Why Foursquare?

So why use Foursquare to connect to public art? Foursquare uses your geo-location to allow you to ‘check-in’ to a venue. On its own you might think this doesn’t sound all that interesting, but there is so much more it can do and will be able to do that you really shouldn’t count it out. For this project I have used lists and could use the power of Foursquare Radar. The list that I have created, Art in Syracuse, can be saved for easy reference of the different pieces, museums, galleries, and parks in and around Syracuse. If you enable the radar function you would get a notification if you are near any of these that you add to your ‘to do list’.

Art in Syracuse: Foursquare List

Art in Syracuse: Foursquare List

This function would work for anything you save, a restaurant a friend recommends or a local shop you really want to check out. What is really interesting about this use of the application, notifications on or off, it is hyper local. You are seeing whats popular around you and you can interact. Leave a tip so that a local or a tourist knows that the best local joint for BBQ, or where to go to relax on a giant serpent. Imagine a world where travel doesn’t mean locating the corporate brands you know, but using locally generated data and tips to discover a city you aren’t familiar with. What if sharing our local treasures by checking-in and writing tips help someone discover the beauty in Syracuse?

"01101" on Instagram with Foursquare integration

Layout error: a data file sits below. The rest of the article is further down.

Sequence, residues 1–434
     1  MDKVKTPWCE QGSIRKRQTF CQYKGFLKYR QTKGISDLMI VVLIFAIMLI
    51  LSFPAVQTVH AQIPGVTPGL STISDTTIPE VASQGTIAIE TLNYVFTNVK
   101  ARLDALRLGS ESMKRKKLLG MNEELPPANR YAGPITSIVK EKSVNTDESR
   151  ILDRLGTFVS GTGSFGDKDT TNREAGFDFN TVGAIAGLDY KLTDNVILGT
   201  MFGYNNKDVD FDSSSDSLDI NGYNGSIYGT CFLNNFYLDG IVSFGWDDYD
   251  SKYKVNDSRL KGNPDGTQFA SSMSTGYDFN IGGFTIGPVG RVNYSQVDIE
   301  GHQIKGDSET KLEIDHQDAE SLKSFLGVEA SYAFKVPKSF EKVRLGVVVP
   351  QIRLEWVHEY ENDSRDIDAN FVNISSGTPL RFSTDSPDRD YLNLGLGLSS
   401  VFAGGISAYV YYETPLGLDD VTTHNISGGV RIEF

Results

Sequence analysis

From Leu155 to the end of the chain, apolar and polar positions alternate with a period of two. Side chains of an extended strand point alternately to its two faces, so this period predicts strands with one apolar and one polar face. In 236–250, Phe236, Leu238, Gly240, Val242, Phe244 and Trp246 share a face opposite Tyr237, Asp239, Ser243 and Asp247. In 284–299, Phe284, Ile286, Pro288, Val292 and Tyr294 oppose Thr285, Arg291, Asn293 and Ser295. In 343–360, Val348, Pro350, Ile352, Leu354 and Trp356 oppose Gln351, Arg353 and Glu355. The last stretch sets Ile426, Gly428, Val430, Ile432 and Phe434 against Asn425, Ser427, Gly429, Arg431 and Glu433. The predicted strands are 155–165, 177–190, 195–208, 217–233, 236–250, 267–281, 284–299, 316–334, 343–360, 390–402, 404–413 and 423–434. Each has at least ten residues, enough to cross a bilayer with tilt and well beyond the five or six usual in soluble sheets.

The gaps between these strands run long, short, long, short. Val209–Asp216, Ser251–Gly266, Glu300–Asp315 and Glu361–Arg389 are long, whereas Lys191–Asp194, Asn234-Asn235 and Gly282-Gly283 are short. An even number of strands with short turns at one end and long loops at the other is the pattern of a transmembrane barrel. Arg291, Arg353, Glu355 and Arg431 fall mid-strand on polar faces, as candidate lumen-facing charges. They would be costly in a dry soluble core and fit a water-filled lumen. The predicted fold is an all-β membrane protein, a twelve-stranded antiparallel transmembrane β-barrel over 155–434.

“01101” on Instagram with Foursquare integration

There is a lot of competition in the world of location-based applications, but for now Instagram and Path use foursquare for their location data and allow for easy integration. Foursquare has switched to open source maps, and the API is available. There is some exciting possibilities in the realm of augmented reality, apps that are using foursquare so that you can use your camera to see where a location is. If you are wondering about what information the application shares about your location, this grid is really helpful, as we as the privacy page. Essentially you have the control, you can decide how much you share and ‘checking-in’ allows that venue to know that you did so. Read the policy and decide if you want to ‘check-in’.

If you decide to use the app, or if you already are, ‘check-in’ at some of the public art in Syracuse. Leave a tip, start a conversation about the work, share it with a friend, create ‘check-ins’ if they haven’t been created yet, and connect with the city! Your tip or photo might be the thing that gets someone walking around downtown, playing on ‘Walt’. After all, if it inspires you why wouldn’t it inspire someone else? Share what you find on Instagram and Twitter @CuseArt, with the hashtag #cuseart. Have fun!

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‘The Hand’ and ‘Walt, the Loch West Monster’

'The Hand' by Brendan Rose

‘The Hand’ by Brendan Rose

Architecture and art are not exclusive things. One can see that in the work of Brendan Gabriel Rose. ‘The Hand’ sits as a powerful cultural symbol of support and strength in the space next to the City Hall Commons.

'The Hand' by Brendan Rose

‘The Hand’ by Brendan Rose

A hand speaks; it can convey power, emotion, and belief. It is a tectonic sculpture that’s concrete bones are supported by metal plates and wooden tendons. It is a beautiful piece of constructive art that blends the architectural and sculptural. As you sit at a nearby bench or just pass through the courtyard it becomes part of the architectural fabric that surrounds you. It’s inclusion in this fabric creates an inspirational and vastly more welcoming environment. You can see the July 26, 2008 construction of ‘The Hand’ hereStructure, materials, and emotion are front and center in Brendan’s work in architecture and art. His thesis as an architectural student at Syracuse University was titled “The Nutalism”, where his work done in Syracuse is exactly what I think we need more of. Design, construction, community, and culture are all intertwined. His work helps nurture and builds those connections.